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The bud vase has been around for as long as people have practiced flower arranging.

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Oh, bother the flowers that bloom in the spring. There are so many choices, and so many possible combinations, yet they don't always look so smart massed in a bunch in the middle of the table. Should you choose to break with accepted conventions of table decor by placing just a single stem in a bud vase made only for one bloom, you'll certainly be forgiven for turning fusty etiquette topsy-turvy.

The bud vase—like the kylix or the urn, the amphora or the epergne—has been around for as long as people have practiced the fine art of flower arranging. The archetypal bud vase has a bulbous base that narrows into an elongated neck sufficient in diameter for little more than a single stem. But experimentation and creativity have of course given rise to a broad array of forms.

Designers of single-stem containers have the luxury of versatility—the vases can be short or tall, wide or narrow, voluptuous or spare. They are also perfect in most mediums—ceramic, glass, metal, porcelain, stone, wood—and in a panoply of colors. Japanese examples sometimes combine precious metals such as silver with ceramic and various types of fancy work. Surface decoration can range from painted tableaux to abstract patterns created by the glazing process.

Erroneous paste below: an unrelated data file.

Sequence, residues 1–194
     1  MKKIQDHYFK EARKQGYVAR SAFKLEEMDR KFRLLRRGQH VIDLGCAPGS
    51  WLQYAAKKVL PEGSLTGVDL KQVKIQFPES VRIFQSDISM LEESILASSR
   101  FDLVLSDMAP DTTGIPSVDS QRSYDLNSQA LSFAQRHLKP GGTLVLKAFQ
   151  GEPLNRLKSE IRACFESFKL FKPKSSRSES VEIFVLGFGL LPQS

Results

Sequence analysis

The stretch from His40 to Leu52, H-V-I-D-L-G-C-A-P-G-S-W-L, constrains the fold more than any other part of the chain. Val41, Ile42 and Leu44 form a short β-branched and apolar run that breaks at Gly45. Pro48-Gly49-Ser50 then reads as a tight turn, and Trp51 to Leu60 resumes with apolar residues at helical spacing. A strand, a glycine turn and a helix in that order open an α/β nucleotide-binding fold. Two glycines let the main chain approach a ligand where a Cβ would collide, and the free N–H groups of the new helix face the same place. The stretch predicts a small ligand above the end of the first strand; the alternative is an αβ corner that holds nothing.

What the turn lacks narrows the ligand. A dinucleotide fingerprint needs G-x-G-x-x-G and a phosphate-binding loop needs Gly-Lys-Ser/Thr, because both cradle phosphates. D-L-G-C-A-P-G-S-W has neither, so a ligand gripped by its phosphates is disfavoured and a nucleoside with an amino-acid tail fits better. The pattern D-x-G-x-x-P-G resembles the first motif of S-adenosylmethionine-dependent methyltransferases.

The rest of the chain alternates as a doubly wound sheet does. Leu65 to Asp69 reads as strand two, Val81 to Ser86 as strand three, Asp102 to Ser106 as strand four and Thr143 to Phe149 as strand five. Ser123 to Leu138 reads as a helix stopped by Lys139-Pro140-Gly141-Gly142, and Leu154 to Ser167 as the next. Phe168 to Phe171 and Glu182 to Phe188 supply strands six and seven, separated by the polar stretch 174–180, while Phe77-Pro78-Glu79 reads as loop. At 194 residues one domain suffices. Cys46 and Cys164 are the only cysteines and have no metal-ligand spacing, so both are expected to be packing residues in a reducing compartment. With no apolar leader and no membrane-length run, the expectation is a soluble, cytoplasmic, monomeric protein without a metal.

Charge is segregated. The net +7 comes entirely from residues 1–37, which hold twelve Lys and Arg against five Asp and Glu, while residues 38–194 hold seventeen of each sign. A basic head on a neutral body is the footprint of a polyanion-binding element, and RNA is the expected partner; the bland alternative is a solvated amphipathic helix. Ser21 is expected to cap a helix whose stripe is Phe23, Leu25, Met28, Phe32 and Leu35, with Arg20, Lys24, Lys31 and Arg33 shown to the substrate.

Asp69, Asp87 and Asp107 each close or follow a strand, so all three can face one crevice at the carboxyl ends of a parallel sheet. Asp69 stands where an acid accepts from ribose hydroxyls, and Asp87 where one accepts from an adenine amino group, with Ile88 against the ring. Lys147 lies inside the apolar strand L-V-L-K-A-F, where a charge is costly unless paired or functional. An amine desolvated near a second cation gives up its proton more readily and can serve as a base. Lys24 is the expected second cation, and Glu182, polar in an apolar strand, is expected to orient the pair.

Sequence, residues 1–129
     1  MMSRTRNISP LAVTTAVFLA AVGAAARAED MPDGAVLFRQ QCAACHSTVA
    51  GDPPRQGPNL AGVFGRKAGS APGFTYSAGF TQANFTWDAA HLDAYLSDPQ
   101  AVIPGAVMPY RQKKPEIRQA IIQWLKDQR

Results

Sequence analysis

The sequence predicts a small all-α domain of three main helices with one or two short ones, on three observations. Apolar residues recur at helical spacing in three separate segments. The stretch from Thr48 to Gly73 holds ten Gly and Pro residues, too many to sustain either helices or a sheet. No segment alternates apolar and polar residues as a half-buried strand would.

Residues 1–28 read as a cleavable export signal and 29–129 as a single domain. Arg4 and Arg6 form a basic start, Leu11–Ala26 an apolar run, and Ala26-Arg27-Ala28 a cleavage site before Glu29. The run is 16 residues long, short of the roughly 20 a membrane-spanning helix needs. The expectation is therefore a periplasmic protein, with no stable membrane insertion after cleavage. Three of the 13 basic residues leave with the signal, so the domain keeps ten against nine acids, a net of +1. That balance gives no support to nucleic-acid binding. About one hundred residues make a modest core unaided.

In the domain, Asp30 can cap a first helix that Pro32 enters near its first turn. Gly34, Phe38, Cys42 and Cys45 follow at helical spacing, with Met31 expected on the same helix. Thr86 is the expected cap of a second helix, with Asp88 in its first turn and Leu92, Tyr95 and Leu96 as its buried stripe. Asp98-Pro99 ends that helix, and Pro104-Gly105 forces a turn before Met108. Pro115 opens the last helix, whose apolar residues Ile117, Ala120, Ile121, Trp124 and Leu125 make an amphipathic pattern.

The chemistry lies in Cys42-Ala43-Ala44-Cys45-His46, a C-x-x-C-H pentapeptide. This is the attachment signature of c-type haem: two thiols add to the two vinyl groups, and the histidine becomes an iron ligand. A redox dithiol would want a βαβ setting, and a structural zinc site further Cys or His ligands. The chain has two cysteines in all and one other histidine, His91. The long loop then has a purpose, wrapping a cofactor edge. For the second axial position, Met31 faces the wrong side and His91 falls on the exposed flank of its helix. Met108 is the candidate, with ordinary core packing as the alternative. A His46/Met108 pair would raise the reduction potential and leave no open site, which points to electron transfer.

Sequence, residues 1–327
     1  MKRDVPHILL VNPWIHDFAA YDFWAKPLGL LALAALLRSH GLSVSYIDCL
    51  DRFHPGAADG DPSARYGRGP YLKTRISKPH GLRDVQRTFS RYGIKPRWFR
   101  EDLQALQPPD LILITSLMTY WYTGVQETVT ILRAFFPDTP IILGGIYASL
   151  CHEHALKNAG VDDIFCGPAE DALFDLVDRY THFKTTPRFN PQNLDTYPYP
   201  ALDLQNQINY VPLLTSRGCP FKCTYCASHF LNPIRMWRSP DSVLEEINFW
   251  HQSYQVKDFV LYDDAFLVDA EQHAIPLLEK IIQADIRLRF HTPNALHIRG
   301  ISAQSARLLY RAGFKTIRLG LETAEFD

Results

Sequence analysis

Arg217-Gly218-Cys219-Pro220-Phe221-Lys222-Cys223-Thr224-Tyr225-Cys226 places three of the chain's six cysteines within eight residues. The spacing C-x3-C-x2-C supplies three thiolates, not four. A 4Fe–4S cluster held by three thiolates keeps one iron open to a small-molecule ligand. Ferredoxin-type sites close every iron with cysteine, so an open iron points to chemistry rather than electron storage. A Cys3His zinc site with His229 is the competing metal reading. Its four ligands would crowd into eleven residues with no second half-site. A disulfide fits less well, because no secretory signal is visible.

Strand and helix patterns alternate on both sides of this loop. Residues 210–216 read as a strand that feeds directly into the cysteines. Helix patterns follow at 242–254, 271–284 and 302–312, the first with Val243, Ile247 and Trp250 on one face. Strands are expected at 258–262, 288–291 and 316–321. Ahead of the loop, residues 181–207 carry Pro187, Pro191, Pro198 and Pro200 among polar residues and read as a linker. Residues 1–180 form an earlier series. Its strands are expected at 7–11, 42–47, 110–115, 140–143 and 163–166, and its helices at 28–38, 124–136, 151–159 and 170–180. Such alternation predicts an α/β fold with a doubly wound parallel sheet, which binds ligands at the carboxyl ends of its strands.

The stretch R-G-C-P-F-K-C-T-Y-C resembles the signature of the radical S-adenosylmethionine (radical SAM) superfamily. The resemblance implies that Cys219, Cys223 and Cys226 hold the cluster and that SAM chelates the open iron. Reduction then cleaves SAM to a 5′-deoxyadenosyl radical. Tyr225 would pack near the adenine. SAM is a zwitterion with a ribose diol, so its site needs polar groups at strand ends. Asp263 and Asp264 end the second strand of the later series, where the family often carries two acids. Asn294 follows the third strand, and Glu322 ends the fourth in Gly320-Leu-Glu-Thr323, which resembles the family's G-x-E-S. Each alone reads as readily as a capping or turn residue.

In practice, the nature of the content should match the form. "The vase is at least fifty percent of the arrangement," says New York-based florist Marc-Antoine. "The most important factor in choosing the right stem is the height of the vase. That determines the shape of the flower." These can range from the delicious curve of an orchid spray to the long-petaled pertness of the Gerbera daisy to the sexy curl of the calla lily. Marc-Antoine suggests that decisions on color and balance—the addition and placement of greens or another stem—follow suit.

The bud vase provides the perfect vehicle for punctuating the decor of the table with a simple burst of color. "I love using bud vases in multiples on a large table or singly on a small table," says Jamie Drake, a New York-based interior designer. "The multiples make a wonderful, complex composition of color, shape, and form." Drake adds that he frequently uses the classic version in heights from eight to 15 inches, sprouting single stems of rubrum or Casa Blanca lily: "There are three frosted-glass, tangerine-colored vases with Casa Blanca lilies on my table right now. They make me feel very happy."

Marc-Antoine, 150 West 28th St., Suite 1702; 212-627-2244. Jamie Drake $ 140 East 56th St.; 212-754-3099. Gansevoort Gallery, 212-633-0555; Donghia $ 212-935-3713; L'Art De Vivre $ 212-734-3510; Furniture Co, 212-352-2010; Homer, 212-744-7705.



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